Mozilla’s bike share program: momentum to their missionCategories: Bike commuting, Bike fleets, Bikes & Gear, Corporate
Promoting openness, innovation and opportunity on the Internet. That’s Mozilla’s mission.
So it’s no surprise that when the friendly internet non-profit expanded operations and opened an office in San Francisco, they made a deliberate decision to have a bike share program.
Because bikes are socially and environmentally responsible. They’re healthy, fun and make the workday better. They contribute positively to community. Bikes save money in parking, transit and healthcare costs. They’re a simple and inexpensive way to make a big impact.
With an office in the historic Hills Bros Building at the base of the Bay Bridge, transportation and parking are a challenge to Mozilla. Fortunately, most Mozillians who commute to this office live within four miles. And the office is within easy cycling distance to BART, Caltrain and the Ferry Building.
Mozilla CFO, Jim Cook, wanted a way for employees to easily get around for lunch and errands, travel between San Francisco and Mountain View offices, and commute to and from home.
Mozilla turned to Bikes Make Life Better for help planning and implementing its bike share programs.
To fulfill two different needs, Mozilla launched a fleet of custom-branded bikes for employees to get around San Francisco and Mountain View and another fleet of custom folding bikes to help Mozillians commute between company offices using Caltrain.
Mozilla’s city bikes are Public’s C7 model, a seven-speed bike designed for city and commuter use, in keeping with Dutch bike style. Customization by Bikes Make Life Better included innovative branding of the frame, fenders, panniers and even the bell in Mozilla colors, with help from Martin Sign Co.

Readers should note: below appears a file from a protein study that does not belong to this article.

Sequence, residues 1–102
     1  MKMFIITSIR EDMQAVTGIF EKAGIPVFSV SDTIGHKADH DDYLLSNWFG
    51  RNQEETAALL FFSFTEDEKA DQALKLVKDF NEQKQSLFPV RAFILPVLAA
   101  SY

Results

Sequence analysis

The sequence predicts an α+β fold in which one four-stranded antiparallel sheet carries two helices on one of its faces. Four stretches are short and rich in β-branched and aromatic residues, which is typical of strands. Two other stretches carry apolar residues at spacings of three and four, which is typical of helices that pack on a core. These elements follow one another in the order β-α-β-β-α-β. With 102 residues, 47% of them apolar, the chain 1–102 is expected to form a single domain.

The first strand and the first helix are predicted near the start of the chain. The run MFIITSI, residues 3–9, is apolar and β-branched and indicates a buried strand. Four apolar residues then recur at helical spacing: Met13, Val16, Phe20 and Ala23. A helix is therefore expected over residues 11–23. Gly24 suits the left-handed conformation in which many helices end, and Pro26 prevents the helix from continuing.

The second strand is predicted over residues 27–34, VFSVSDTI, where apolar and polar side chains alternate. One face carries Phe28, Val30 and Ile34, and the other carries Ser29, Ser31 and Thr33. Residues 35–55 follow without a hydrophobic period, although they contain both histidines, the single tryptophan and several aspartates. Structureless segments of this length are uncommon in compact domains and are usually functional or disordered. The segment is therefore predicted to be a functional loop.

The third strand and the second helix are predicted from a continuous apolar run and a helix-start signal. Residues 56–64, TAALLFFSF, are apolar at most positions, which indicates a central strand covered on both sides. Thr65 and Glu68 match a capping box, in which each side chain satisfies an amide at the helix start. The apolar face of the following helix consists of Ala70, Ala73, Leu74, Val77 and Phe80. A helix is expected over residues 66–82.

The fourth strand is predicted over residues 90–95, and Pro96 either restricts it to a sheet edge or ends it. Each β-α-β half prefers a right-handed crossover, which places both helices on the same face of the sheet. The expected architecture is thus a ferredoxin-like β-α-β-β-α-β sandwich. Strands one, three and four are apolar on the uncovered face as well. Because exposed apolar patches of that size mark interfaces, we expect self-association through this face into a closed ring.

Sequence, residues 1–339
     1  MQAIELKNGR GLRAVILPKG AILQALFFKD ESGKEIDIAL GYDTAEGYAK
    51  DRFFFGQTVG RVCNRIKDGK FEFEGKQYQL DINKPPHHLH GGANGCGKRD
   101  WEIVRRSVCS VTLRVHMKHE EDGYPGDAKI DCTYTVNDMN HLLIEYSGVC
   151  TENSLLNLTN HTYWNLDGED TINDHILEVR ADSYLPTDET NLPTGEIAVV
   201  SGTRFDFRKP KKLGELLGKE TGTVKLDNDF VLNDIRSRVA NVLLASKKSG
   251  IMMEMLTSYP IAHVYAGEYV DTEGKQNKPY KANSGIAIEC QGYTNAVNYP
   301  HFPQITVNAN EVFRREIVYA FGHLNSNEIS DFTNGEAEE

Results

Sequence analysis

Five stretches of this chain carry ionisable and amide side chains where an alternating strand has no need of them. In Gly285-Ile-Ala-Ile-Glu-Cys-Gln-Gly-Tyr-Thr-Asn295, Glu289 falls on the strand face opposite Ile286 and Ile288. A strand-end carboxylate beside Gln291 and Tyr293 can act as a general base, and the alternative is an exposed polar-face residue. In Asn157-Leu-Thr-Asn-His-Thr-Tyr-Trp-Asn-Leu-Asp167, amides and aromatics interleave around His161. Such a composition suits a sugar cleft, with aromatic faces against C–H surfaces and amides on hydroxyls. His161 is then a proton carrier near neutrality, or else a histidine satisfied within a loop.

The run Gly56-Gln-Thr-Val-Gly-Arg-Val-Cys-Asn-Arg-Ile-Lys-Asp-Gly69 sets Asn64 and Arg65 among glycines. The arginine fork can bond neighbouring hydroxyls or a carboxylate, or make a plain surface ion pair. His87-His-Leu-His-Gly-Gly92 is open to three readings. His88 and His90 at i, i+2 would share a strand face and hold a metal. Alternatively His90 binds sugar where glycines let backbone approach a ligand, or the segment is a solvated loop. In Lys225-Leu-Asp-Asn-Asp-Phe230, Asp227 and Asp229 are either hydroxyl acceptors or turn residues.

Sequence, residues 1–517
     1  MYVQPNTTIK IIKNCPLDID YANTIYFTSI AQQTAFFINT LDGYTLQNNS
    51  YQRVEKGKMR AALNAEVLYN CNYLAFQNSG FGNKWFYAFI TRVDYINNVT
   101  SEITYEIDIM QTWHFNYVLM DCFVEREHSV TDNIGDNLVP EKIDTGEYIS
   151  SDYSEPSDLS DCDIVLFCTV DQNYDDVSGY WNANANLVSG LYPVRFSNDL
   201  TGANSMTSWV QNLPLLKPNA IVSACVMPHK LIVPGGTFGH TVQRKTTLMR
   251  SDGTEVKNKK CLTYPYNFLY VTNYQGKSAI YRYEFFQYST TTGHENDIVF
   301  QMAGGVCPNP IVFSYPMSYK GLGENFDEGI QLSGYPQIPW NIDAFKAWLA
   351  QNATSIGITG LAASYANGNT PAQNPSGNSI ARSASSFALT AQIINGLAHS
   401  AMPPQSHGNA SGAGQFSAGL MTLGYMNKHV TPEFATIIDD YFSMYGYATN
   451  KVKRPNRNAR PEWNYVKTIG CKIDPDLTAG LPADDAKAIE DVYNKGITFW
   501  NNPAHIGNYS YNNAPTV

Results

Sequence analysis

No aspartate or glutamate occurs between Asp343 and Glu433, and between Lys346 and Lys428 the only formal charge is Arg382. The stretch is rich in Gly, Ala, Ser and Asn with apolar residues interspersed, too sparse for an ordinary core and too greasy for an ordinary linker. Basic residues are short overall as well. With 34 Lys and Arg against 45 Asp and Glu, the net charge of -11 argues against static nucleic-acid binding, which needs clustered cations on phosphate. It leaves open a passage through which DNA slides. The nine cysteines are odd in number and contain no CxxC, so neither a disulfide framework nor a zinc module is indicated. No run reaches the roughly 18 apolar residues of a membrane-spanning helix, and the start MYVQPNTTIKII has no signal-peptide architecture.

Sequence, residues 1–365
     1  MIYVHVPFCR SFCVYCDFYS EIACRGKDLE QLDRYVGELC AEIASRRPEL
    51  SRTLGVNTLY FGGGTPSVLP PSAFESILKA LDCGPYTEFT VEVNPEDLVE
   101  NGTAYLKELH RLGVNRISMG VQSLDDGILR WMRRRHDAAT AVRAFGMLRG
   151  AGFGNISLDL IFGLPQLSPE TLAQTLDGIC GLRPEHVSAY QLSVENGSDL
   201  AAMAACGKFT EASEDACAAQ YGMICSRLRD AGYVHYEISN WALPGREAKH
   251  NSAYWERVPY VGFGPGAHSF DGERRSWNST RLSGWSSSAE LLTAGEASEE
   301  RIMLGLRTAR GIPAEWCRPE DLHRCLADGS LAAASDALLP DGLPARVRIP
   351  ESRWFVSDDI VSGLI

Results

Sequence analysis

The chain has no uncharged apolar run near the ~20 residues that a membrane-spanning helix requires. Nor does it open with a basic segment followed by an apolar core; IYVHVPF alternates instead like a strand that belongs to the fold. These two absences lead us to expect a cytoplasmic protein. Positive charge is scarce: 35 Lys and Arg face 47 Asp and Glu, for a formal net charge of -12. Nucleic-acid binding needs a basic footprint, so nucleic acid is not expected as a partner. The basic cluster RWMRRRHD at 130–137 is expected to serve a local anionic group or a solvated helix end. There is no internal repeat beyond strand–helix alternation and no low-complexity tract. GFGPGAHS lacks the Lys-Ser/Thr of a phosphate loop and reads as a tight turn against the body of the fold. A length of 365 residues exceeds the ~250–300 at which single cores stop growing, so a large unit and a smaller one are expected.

For its folding bikes, Mozilla went with a fleet of custom-branded Dahon bikes to help Mozillians who commute between company offices using Caltrain, the local commuter train service.
Taking the train is a great way to travel the Peninsula between San Francisco and Silicon Valley, but commuters have the issue of getting to and from the station, or what’s commonly referred to as the “first and last mile.” If they bring their own full-size bike on the train, they run the risk of being bumped, as the limited bike cars fill up fast during key commute times.
Mozilla kept its program simple with a reception-desk check in and out system. Employees are asked to return the city bikes within the day, but they may take the folding bikes home to use the next day for the commute. The company and employees win by avoiding car and parking expenses, including time lost in transit.
Sharing resources and collaborating on innovative solutions is the Mozilla way.